One of the most rewarding experiences on this trip was staying with my home stay family. They were one of the most humble, caring and patient human beings I’ve ever had the pleasure of meeting. My initial feelings of nervousness completely fled after meeting Betty, Williams, and their three-year-old son Issa. Through this stay, I was given an everyday cultural experience that many who have visited Costa Rica cannot claim.
Eating dinner was when we were all able to communicate the most. Valerie eased through Spanish speaking with both Betty and Williams while it took me some frequent translations and my handy Spanish phrase book to be able to effectively communicate. On the first night that we stayed in our homestay family, we were enjoying an amazing dinner of rice, beans, and salad. Suddenly, while enjoying the meal, I felt a sharp jab at my back and a tiny voice yelling “Zeet!” followed. I immediately turned back in my chair only to be peering at the eyes of a giggling three year old with a knowing smile planted on his face. Before I could react, Issa raced off on his scooter to the opposite end of the house. I turned around to continue my meal and before I had time to process what had just happened, I felt him again, “Zeet!!”. Betty laughed as he skirted by me once again to the other side of the house. I leaned over and I asked Valerie if she knew what Issa was saying. It appeared we were both at loss in trying to understand the game Issa had set out for us. The next time Issa came around I was prepared. Before he stuck out his little finger and yelled “zeet”, I beat him to the punch. “ZEET!” I playfully yelled back at him. I honestly had no idea what I was saying but I took this game as a version of “Tag” so I went along with it. Issa’s eyes widened and his smile grew wider. This was now a competition. We went back and forth like that until Betty, Williams, Valerie and I finished eating dinner. However, Issa still wasn’t done having his fun, while Valerie and I were washing dishes, Issa came back with a vengeance.
While we were all getting to know one another after dinner, we heard a bird in the distance, in the forested area. Williams immediately peered up and informed us that the bird we were currently hearing is called the Búsqueda bird. Williams said that legend has it that if you follow that bird late at night in the forest, it will purposefully get you lost. Both Valerie and I’s eyebrows shot up, when learning about this myth. It was a piece of information he gifted us that allowed us to understand the place we were visiting that much better.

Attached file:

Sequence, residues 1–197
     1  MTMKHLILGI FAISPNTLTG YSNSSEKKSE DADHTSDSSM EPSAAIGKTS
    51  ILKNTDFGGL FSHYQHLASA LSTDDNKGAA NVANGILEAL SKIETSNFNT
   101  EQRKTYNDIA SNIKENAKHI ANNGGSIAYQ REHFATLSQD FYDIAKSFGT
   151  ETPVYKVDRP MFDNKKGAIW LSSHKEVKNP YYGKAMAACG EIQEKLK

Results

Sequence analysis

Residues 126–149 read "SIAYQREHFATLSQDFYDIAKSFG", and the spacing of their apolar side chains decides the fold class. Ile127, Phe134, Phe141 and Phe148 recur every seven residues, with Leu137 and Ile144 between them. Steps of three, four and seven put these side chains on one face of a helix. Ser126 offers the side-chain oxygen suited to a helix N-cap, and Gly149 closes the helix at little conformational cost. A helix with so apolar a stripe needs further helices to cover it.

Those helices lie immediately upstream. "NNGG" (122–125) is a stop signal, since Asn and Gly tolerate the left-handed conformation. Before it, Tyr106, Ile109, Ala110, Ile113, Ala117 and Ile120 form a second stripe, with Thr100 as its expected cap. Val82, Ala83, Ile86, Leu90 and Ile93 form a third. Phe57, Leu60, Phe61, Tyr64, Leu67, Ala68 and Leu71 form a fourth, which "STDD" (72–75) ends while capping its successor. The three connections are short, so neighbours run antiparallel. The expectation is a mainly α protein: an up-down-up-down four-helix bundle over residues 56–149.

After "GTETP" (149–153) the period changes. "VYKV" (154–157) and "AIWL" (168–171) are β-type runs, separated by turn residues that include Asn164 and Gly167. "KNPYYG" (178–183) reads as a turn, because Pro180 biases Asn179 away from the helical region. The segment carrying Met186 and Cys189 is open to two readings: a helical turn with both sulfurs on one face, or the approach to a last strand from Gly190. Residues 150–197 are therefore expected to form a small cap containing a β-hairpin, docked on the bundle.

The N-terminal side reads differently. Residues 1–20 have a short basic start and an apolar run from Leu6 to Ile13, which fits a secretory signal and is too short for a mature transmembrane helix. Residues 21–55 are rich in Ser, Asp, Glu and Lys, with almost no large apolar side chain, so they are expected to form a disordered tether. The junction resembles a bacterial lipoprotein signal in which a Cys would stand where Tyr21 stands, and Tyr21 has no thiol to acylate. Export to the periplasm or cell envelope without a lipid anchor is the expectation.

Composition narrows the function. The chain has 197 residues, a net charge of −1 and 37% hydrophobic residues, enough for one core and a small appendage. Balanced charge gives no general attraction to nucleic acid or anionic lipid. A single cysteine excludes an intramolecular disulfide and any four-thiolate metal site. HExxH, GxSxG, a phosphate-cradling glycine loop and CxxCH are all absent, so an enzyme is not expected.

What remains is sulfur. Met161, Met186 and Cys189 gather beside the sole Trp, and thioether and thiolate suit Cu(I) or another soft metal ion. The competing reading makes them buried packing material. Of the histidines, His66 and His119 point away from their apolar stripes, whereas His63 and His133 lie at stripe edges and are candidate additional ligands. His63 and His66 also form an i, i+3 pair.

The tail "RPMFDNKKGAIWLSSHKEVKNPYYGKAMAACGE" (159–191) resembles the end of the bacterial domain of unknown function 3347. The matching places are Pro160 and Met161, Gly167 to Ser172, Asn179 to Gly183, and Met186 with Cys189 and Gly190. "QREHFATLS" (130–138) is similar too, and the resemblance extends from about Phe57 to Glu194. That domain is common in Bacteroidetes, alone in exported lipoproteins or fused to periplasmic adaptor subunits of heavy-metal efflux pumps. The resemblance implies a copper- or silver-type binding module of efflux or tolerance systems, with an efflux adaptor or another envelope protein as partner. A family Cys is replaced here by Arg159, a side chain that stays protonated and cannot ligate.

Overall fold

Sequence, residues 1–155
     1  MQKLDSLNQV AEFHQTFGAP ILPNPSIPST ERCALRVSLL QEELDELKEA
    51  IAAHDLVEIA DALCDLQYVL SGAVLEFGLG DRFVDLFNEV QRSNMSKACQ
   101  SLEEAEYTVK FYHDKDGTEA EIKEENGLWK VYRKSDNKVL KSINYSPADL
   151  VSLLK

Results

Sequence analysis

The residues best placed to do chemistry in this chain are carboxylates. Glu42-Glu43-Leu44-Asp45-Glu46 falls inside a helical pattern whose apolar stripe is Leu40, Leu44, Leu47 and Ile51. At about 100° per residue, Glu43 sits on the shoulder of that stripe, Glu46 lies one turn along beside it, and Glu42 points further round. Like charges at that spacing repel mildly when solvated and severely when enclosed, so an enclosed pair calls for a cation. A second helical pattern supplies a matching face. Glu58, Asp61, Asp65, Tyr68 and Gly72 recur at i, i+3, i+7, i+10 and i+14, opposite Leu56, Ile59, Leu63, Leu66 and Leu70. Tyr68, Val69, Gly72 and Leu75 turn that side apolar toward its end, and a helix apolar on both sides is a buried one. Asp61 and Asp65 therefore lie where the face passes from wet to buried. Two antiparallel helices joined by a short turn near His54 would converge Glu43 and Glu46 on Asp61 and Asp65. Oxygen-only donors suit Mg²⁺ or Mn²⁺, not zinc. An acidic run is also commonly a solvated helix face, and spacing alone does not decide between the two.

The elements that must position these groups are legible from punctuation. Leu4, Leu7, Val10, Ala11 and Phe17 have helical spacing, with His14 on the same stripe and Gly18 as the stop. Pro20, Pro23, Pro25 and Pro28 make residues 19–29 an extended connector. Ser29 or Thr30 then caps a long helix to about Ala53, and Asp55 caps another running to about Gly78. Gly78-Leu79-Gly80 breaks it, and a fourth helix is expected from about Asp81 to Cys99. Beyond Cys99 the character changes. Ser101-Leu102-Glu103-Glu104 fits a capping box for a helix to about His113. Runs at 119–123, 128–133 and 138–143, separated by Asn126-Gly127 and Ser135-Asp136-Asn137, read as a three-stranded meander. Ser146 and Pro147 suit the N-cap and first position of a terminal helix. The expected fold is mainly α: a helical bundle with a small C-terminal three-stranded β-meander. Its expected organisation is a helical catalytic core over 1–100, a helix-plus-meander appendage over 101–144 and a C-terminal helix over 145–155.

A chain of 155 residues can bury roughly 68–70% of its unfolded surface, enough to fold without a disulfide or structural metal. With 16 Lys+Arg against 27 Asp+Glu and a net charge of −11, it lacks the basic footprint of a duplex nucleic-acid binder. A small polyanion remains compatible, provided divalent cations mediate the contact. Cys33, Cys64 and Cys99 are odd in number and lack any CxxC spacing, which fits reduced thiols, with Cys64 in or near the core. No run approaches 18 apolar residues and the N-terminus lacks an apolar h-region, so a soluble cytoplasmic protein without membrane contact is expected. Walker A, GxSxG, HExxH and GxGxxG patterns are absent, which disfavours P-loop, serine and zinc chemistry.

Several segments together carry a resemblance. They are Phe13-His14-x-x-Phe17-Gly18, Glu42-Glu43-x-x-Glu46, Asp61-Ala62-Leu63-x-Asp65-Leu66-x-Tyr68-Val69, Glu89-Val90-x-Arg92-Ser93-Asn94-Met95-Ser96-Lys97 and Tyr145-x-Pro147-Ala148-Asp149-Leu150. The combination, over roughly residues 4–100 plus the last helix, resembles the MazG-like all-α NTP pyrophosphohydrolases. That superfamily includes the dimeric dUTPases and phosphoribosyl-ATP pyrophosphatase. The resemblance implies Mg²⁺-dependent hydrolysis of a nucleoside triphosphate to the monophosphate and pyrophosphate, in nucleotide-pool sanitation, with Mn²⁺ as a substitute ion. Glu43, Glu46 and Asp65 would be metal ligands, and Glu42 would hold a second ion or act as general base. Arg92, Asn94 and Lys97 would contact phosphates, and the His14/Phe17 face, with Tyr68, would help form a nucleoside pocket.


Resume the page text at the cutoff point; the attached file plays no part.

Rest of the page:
While we were getting ready on our last day of homestay, both Valerie and I just met the orange sky and were preparing ourselves for a day of hard labour. In order to do so, we were applying sunscreen and spraying a lot of bug spray. When Issa saw us doing this he frantically yelled to his mom in Spanish, “They’re like Aunty Victoria!” Seeing our puzzled looks, Betty explained that she has a sister from the U.K. who comes to visit and she always puts on bug spray before she goes anywhere. Hearing this not only made me smile, but also reminded me of Marcos and Jenny and how they never put on bug spray. This then led me to think about the Western influence of chemicals and how the culture in Costa Rica is more about just accepting what comes with the natural world, the good and the supposed bad.
One of the most touching moments from listening to Issa was when we were all just admiring the night sky and an airplane comes gliding through. Seemingly out of nowhere Issa says in Spanish, “I wonder where they’re going”. Hearing the curiosity and wonder from his voice was inspiring, and made me wonder about his future, and whether he’d ever get on a plane and travel somewhere, and another kid one day can look at the plane he’s on and wonder where he’s going. This is also another reality for the people in Mastatal, not all have the luxury of leaving the country.
Through my homestay experience I discovered that you learn from listening to people from different cultures, and not imposing stereotypes. This philosophy is one I intend on living out and teaching to others. Throughout this trip we learned about the people and we learned about nature, but in our homestay family we go to see what happened when the two married. We got to see a glimpse of what it truly means to be Tico, from their children games, their myths, and through their interactions with one another and with us foreigners.